Pity poor Jasper: our trees proclaimed ugly and our town’s only wild boar packed up and gone in a quest for a more tranquil kudzu patch.
For those who haven’t been following the news, the past year has been something of a “Wild Kingdom comes to Jasper,” beginning with buzzards that roosted in a residential area and fouled cars and roofs (maybe even a few unwary pedestrians). Finally the feathered fun-seekers were chased away by police officers, the animal control officer and the mayor, all shooting “bird bangers” – loud cap guns.
As quickly as those un-wanted guests skedaddled, a groundhog ran among traffic on Highway 515. Instead of becoming roadkill, the rodent gained fame, shutting down part of a major highway when a driver’s rescue effort went unappreciated by the critter. The little beast revived all beastly inside the rescuer’s car after being scooped off the pavement in tender interplay of motorist and mother Earth. Never encountered an enraged woodchuck on your front seat? Lucky you. As Animal Control Officer Lonnie Waters said, those little suckers pack a nasty bite.
Eventually tugged from under the dashboard of its rescuer’s vehicle, the groundhog gained release into a friendly kudzu patch, leaving Jasper Mayor John Weaver speculating what this groundhog told others after rejoining the tribe.
The next episode of “When Animals Attack in Jasper” involved a raccoon that inexplicably latched onto a jogger in City Park. The jogger and a friend dispatched the varmint with little effort using a broken umbrella from a nearby trash can. The attack and the relative ease by which the perpetrating ring-tail received dispatch to raccoon heaven (a place where trash can lids are never shut tight) left city officials scratching their heads. The state proved no help when it wouldn’t test the carcass for rabies, given the jogger won a decisive victory in the death match, taking no scratches.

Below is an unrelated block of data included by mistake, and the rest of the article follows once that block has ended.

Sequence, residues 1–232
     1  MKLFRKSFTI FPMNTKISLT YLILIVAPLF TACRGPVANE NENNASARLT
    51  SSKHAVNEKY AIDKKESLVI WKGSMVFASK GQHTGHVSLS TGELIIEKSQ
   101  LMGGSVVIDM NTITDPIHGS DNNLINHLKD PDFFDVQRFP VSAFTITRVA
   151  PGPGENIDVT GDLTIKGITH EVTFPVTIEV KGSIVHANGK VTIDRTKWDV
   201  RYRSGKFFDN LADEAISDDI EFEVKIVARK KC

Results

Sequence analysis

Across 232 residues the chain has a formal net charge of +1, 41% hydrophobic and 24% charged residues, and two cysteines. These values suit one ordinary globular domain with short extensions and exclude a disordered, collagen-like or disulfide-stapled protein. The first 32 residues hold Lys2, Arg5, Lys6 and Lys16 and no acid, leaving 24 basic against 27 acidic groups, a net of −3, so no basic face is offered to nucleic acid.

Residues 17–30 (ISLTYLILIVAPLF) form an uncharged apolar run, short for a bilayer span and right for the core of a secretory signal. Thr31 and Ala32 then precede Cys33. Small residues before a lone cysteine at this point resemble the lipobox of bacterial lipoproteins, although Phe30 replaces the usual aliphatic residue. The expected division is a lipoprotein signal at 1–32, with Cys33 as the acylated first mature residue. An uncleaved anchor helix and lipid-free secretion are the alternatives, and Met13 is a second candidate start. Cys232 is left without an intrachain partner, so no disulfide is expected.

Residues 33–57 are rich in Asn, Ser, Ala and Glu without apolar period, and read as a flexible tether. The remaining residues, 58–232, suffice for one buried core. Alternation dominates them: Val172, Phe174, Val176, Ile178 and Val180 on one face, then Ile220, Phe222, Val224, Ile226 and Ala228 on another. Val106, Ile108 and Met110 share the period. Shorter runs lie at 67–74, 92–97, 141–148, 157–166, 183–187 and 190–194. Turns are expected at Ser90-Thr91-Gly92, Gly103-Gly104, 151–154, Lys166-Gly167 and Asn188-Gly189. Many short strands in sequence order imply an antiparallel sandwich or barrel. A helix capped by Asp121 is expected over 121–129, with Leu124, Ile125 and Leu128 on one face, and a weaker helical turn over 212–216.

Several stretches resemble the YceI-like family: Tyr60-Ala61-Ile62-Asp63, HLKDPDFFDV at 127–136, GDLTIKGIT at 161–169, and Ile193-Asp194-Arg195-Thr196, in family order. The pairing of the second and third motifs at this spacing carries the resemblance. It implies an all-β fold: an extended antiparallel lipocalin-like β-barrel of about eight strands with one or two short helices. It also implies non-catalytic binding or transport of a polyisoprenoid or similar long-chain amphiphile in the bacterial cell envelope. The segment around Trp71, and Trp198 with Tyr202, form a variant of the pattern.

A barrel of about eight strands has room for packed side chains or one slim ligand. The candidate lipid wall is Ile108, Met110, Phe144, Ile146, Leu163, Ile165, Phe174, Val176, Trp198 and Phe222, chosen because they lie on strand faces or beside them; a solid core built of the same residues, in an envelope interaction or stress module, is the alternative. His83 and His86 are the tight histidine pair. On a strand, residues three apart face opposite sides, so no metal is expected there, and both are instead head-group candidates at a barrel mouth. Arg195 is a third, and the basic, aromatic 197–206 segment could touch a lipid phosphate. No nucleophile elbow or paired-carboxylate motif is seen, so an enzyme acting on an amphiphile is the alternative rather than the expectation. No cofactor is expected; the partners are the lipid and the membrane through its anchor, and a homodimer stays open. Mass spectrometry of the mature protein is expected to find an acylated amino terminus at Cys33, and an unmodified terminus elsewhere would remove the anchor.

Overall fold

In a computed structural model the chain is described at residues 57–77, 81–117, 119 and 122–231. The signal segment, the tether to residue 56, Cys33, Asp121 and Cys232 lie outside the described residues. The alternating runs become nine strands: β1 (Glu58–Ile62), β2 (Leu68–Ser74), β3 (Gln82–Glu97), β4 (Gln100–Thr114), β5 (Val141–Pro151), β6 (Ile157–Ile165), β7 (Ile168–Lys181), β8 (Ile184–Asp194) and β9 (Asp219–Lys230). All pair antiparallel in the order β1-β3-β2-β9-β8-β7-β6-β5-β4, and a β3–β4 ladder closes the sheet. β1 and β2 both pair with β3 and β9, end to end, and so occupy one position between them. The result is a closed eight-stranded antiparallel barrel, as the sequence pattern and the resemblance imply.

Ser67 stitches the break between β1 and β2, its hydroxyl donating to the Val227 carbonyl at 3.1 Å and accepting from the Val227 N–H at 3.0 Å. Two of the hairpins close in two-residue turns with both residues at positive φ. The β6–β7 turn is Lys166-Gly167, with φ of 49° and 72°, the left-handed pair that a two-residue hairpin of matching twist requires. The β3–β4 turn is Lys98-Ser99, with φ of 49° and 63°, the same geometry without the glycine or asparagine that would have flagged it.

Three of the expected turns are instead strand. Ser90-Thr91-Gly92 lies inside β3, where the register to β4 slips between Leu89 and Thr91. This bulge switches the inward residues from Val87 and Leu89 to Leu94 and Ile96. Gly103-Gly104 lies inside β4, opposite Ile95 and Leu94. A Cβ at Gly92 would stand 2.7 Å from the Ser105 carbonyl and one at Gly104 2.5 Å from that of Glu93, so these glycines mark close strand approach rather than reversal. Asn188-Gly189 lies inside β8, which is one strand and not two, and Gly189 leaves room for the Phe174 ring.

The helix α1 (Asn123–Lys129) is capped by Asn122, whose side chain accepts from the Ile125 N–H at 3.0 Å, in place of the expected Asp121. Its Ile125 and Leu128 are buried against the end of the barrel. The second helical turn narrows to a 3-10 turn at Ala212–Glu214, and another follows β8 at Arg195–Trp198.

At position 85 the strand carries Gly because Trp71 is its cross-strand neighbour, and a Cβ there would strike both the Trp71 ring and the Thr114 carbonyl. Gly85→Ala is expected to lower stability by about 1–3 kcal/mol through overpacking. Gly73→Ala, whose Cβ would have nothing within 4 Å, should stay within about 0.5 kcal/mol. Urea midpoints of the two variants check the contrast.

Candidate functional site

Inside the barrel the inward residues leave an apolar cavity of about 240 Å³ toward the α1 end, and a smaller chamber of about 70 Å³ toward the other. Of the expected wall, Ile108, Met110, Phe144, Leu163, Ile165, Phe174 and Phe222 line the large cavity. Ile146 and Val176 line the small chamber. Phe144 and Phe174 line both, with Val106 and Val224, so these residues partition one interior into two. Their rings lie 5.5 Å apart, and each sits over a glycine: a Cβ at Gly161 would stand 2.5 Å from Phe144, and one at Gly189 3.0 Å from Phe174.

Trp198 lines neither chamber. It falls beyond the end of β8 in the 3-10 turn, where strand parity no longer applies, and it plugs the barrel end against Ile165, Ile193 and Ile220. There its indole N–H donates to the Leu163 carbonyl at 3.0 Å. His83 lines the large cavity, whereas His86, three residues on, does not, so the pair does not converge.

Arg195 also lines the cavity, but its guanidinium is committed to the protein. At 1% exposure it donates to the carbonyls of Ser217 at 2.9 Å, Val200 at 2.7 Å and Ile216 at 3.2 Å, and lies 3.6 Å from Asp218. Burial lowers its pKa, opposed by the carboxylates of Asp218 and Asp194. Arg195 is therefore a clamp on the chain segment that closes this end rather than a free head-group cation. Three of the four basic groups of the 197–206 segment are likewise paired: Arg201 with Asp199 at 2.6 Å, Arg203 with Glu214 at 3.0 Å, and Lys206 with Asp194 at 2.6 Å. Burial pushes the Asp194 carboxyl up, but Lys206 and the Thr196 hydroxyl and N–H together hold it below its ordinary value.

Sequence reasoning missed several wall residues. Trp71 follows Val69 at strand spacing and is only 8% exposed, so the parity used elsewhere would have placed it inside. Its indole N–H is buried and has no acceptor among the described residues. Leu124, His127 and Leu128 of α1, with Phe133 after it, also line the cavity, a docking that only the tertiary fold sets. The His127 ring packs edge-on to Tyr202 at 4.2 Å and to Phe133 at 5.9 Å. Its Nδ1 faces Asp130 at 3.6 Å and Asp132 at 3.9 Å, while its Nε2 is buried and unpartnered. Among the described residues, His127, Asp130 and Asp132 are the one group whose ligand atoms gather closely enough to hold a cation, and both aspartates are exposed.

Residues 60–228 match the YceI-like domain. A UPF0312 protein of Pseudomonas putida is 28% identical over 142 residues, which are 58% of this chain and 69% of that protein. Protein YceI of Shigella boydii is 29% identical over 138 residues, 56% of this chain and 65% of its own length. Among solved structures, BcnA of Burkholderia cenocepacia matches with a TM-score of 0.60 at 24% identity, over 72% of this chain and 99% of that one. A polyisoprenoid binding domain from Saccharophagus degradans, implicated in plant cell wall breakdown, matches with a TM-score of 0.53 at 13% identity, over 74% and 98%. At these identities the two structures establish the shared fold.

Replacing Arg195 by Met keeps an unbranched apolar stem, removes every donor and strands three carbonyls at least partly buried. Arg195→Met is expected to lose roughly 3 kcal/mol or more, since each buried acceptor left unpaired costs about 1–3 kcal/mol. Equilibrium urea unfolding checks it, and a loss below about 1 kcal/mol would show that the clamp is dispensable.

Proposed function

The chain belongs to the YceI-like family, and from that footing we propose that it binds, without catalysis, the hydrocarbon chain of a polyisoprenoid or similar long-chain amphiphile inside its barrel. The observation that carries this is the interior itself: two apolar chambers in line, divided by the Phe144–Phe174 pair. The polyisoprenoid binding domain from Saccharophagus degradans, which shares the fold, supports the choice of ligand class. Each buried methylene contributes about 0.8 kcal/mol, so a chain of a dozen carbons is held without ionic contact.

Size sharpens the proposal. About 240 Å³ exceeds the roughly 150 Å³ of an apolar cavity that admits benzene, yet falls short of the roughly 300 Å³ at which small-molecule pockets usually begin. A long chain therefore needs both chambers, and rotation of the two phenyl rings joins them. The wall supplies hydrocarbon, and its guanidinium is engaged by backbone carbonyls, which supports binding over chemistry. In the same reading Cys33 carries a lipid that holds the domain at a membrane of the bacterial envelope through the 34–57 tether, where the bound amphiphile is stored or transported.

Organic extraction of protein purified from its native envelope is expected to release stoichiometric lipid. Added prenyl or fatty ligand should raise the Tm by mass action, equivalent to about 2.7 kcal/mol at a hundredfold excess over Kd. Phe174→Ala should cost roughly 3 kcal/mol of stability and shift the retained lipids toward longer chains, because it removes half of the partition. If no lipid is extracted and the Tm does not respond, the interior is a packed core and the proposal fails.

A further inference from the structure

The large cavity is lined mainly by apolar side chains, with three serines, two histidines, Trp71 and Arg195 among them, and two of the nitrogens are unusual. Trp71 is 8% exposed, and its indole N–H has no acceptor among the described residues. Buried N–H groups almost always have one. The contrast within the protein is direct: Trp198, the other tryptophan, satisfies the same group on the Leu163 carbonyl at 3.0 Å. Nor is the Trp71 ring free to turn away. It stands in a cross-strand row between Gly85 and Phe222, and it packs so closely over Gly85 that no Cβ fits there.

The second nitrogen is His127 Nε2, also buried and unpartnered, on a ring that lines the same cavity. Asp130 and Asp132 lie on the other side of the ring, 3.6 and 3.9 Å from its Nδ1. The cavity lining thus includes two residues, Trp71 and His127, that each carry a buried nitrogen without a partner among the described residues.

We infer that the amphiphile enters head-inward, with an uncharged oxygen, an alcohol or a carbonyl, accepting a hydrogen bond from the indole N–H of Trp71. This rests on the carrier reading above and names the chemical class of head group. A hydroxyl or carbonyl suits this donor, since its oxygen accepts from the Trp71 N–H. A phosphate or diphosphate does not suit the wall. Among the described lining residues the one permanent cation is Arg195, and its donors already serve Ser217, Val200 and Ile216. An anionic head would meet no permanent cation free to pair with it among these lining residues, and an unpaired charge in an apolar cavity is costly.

At some point this spring, the buzzards returned briefly. This time the unwanted met a city force firing more than bird bangers. A pair of buzzard bodies, killed and hung up in trees, convinced the rest of the flock Jasper means business whenever it says, “Move along, you tree-treadin’ troublemakers.” Buzzards lit out for other parts.
All this leads up to the latest installment of animal oddity: a wild pig of unknown origin, live on the town. Boss Hog decided to call a wooded area back of Jasper First Baptist his home kingdom.
The pig gained notoriety when it failed to differentiate between overgrown areas and manicured lawns along South Main, thus building public sentiment against his personal pig relocation program. People often described the scene left by the rooting hog as the look of a garden tiller gone wild.
To rid our town of the porcine pest, trappers came, hunters came, animal control officers came. In fact, Animal Control Officer Lonnie Waters said he had no shortage of offers from other ardent citizens eager to bag the trophy beast and haul him straight to the bacon factory. City fathers wisely decided South Main isn’t the Serengeti and just said no.
Fame, Waters said, may have proved too much for the pig. Apparently the herd of people hunting a glimpse of the pig’s new digs wore on the animal’s nerves, prompting Herr Porkster to ramble on elsewhere.
As if trouble with fauna here weren’t trouble enough, in the midst of all this, the tree board proclaimed the flora (trees) downtown as officially ugly. Some are pretty spindly, but with beauty in the eye of the beholder, who are we to compare maples to locusts?
Our final thought on all the flora and fauna news: If trees could talk, what would they say about the people on Main Street?